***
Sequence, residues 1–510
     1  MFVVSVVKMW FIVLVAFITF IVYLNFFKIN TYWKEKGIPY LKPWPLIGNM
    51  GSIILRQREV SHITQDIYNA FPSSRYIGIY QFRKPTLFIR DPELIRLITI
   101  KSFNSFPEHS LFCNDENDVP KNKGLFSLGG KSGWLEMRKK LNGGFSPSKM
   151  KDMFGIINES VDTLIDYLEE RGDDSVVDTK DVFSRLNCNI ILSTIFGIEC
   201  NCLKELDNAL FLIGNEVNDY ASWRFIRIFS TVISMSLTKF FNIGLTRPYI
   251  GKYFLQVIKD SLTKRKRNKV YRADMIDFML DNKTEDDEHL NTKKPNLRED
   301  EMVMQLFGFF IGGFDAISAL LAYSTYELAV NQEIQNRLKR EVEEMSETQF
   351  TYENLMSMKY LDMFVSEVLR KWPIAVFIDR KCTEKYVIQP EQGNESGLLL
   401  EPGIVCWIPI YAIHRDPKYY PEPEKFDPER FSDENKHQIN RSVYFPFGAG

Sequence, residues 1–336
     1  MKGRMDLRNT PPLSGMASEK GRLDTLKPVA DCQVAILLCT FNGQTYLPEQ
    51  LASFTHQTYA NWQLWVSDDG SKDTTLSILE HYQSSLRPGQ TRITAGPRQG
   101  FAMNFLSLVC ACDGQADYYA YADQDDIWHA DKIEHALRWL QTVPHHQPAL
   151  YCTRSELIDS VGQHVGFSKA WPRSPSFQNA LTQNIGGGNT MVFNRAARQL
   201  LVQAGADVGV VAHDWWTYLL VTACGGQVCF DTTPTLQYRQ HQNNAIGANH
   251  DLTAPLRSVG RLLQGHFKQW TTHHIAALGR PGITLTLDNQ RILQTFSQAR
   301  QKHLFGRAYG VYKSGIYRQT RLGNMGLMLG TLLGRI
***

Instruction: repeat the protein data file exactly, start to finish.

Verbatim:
Sequence, residues 1–510
     1  MFVVSVVKMW FIVLVAFITF IVYLNFFKIN TYWKEKGIPY LKPWPLIGNM
    51  GSIILRQREV SHITQDIYNA FPSSRYIGIY QFRKPTLFIR DPELIRLITI
   101  KSFNSFPEHS LFCNDENDVP KNKGLFSLGG KSGWLEMRKK LNGGFSPSKM
   151  KDMFGIINES VDTLIDYLEE RGDDSVVDTK DVFSRLNCNI ILSTIFGIEC
   201  NCLKELDNAL FLIGNEVNDY ASWRFIRIFS TVISMSLTKF FNIGLTRPYI
   251  GKYFLQVIKD SLTKRKRNKV YRADMIDFML DNKTEDDEHL NTKKPNLRED
   301  EMVMQLFGFF IGGFDAISAL LAYSTYELAV NQEIQNRLKR EVEEMSETQF
   351  TYENLMSMKY LDMFVSEVLR KWPIAVFIDR KCTEKYVIQP EQGNESGLLL
   401  EPGIVCWIPI YAIHRDPKYY PEPEKFDPER FSDENKHQIN RSVYFPFGAG

Sequence, residues 1–336
     1  MKGRMDLRNT PPLSGMASEK GRLDTLKPVA DCQVAILLCT FNGQTYLPEQ
    51  LASFTHQTYA NWQLWVSDDG SKDTTLSILE HYQSSLRPGQ TRITAGPRQG
   101  FAMNFLSLVC ACDGQADYYA YADQDDIWHA DKIEHALRWL QTVPHHQPAL
   151  YCTRSELIDS VGQHVGFSKA WPRSPSFQNA LTQNIGGGNT MVFNRAARQL
   201  LVQAGADVGV VAHDWWTYLL VTACGGQVCF DTTPTLQYRQ HQNNAIGANH
   251  DLTAPLRSVG RLLQGHFKQW TTHHIAALGR PGITLTLDNQ RILQTFSQAR
   301  QKHLFGRAYG VYKSGIYRQT RLGNMGLMLG TLLGRI